Graduates and career changers to child and family social work will be given hands-on training to become the next generation of social workers. This is part of the UK Government’s Plan for Jobs which is protecting, supporting and creating jobs across the country.
The South West Regional Step Up to Social Work Partnership which included BCP Council, Wiltshire Council and Dorset Council are opening the recruitment round for a total of 17 aspiring social workers to join the 14-month Step Up to Social Work programme, to provide training for hundreds more children and family social workers to support children and families most in need. We are working in partnership with Bournemouth University to deliver this locally in the region.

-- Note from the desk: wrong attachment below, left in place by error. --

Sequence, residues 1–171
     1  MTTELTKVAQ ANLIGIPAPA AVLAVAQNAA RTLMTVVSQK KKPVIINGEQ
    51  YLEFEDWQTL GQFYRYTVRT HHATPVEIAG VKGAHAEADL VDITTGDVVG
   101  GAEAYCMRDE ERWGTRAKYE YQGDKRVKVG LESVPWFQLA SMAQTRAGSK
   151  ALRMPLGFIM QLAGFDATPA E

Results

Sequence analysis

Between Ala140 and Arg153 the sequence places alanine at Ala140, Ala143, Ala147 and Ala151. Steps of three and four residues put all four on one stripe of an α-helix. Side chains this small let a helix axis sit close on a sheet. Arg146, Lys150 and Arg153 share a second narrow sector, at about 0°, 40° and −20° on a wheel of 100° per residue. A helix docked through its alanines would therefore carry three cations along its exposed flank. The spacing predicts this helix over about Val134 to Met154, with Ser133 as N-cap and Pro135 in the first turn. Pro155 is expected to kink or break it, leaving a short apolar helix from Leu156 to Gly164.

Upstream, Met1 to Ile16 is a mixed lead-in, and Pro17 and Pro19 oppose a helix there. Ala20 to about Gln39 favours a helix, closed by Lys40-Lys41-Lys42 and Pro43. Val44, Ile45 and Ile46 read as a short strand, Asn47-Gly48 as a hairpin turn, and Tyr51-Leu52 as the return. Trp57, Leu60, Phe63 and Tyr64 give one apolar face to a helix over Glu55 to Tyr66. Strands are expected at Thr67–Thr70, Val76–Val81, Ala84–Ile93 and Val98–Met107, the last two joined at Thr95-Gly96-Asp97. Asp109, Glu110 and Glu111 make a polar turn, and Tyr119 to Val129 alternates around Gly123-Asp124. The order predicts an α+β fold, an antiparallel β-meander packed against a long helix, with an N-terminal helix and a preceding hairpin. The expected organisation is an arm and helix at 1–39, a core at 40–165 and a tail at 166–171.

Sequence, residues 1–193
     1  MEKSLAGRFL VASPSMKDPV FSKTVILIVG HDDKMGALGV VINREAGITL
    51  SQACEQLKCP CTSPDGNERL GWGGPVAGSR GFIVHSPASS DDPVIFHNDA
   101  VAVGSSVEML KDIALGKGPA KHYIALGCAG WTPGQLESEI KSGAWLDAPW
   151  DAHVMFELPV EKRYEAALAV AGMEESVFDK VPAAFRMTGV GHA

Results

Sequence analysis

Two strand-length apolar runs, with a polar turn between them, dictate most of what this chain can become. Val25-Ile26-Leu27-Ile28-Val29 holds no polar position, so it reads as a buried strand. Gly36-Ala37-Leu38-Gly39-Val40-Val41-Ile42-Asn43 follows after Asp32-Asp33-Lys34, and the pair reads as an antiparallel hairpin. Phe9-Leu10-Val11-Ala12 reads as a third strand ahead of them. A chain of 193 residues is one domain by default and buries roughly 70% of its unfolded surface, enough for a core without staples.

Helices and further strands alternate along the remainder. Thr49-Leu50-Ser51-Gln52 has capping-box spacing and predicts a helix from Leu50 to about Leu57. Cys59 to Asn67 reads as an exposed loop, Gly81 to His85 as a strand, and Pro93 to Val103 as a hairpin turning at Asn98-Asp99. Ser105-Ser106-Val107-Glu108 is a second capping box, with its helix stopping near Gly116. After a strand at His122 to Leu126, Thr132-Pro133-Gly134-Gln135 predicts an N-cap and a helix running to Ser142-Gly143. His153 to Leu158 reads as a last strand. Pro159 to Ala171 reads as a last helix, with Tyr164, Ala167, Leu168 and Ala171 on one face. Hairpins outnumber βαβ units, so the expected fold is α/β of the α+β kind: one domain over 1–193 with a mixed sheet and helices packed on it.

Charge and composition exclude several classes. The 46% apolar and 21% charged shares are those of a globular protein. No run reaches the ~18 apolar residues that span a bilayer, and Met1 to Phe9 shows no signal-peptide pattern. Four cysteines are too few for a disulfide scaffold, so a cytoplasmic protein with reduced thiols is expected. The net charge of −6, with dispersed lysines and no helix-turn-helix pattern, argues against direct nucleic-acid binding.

BCP Council will be taking on seven successful candidates.
This will be the fourth cohort of Step Up locally, and a total of 34 of those who enrolled have already qualified through the Step Up programme, with another 17 social work students due to qualify in March 2021. Step Up is backed by £25million from the Government to fund 700 places across the country, with students receiving a bursary of £19,833 over the duration of the programme to support them whilst in training.
Councillor Mike White, BCP Council Portfolio Holder for Children and Young People said:
"We are really pleased to be part of the ‘Step Up To Social Work’ programme, which is an excellent way for graduates to qualify in social work. We look forward to welcoming several new members to our team and working with them to make a real difference to the lives of children and families.”
Tim, a student from Bournemouth University who is hosted by BCP Council said: